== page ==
It may not have the litigation muscle of big time law firms but what it lacks in quantity, it more than makes up for quality in litigation work. Federis, with a litigation department of4 lawyers, scored towering victories in the previous months in various brand wars for important clients with highly competitive market to protect.
In the battle of cigarette brands, Federis thwarted the ploy of a competitor to copy individual features in 3 registered trademarks of Philip Morris Brands SARL and combine them in one trademark. The Bureau of Legal Affairs (BLA) agreed with the competitor’s claim of lack of confusing similarity but in the decision of the Office of the Director General on appeal, the Director General saw through the ploy and ruled for confusing similarity. Thus, in Philip Morris Products S.A. vs. Pt. Perusahaan Dagang Dan Industri Tresno (Appeal No. 14-2012-0055), it was ruled that the copied individual features sourced from different registered trademarks will likely confuse cigarette users.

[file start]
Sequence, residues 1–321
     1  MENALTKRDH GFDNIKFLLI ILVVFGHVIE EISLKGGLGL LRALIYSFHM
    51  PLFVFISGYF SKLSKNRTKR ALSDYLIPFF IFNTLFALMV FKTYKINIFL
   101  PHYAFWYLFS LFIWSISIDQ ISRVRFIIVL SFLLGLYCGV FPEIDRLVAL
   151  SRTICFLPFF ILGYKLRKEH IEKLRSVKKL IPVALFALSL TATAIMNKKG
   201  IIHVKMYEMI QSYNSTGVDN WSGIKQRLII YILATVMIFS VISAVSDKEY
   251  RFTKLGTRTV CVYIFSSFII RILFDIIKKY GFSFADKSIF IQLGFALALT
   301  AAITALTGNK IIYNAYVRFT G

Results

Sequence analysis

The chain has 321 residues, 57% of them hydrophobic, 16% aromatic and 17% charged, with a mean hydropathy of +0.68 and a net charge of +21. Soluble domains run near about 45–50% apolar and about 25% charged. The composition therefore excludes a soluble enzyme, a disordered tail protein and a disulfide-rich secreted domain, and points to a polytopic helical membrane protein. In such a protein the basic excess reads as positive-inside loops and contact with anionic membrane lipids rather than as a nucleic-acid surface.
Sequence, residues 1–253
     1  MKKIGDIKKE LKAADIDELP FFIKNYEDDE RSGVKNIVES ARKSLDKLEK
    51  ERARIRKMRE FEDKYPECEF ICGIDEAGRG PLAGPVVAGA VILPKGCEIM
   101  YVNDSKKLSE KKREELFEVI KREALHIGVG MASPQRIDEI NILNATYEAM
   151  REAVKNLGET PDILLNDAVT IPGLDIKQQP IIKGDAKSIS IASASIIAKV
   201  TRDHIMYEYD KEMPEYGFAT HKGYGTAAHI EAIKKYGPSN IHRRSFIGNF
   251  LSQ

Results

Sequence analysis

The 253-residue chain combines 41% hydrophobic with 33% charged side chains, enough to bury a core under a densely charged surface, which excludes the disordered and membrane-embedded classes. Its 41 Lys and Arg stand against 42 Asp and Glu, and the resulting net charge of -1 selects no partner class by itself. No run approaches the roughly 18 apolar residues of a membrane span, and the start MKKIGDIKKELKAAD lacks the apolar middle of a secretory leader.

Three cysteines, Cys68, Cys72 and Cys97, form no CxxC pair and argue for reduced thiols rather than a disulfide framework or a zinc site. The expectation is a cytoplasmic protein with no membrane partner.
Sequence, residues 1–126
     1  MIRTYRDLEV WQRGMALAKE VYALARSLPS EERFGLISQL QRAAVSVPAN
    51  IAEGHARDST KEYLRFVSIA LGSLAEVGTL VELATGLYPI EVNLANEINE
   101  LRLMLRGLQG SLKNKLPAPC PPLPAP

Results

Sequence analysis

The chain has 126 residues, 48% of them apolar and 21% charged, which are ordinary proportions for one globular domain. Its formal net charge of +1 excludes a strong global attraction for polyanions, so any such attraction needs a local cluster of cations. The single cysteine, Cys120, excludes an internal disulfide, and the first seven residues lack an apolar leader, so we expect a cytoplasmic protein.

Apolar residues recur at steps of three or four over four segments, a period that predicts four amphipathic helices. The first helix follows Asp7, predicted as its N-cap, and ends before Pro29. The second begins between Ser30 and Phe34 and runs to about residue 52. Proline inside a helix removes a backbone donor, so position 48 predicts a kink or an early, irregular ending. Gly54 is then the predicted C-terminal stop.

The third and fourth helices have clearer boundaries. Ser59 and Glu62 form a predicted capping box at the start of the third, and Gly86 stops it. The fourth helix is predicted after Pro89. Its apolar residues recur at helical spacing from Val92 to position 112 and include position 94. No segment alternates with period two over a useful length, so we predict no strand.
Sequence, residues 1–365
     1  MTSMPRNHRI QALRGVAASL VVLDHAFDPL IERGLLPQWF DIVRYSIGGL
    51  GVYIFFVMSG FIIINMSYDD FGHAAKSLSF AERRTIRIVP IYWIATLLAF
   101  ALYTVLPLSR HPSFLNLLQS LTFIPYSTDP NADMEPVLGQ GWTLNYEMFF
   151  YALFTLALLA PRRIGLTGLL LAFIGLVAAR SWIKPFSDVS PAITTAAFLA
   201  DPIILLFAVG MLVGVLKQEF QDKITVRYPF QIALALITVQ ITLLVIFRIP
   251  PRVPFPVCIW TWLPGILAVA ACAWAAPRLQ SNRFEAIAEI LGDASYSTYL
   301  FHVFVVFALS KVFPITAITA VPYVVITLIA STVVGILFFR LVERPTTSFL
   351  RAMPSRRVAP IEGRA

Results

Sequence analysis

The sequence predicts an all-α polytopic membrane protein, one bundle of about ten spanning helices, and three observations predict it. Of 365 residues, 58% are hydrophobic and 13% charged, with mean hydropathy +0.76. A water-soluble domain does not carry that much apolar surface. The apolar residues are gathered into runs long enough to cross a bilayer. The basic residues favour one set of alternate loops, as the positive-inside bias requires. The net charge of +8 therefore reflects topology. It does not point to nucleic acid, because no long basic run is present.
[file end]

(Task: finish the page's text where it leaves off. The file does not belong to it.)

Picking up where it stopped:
Confusing similarity issues are easily resolved, what with the IP Code instituting Dominancy Test as the heuristic to determine confusing similarity (or so as ruled by the High Court in 2004), which simplifies analysis by dwelling only on the similarities in the dominant features of the contending marks. As to what is “dominant”, there is a wealth of precedents and they usually involve simple, common sense rules (such as prefixes usually treated as the dominant features because they are the first to be read and therefore, the one that imprint in the mind of the consumer).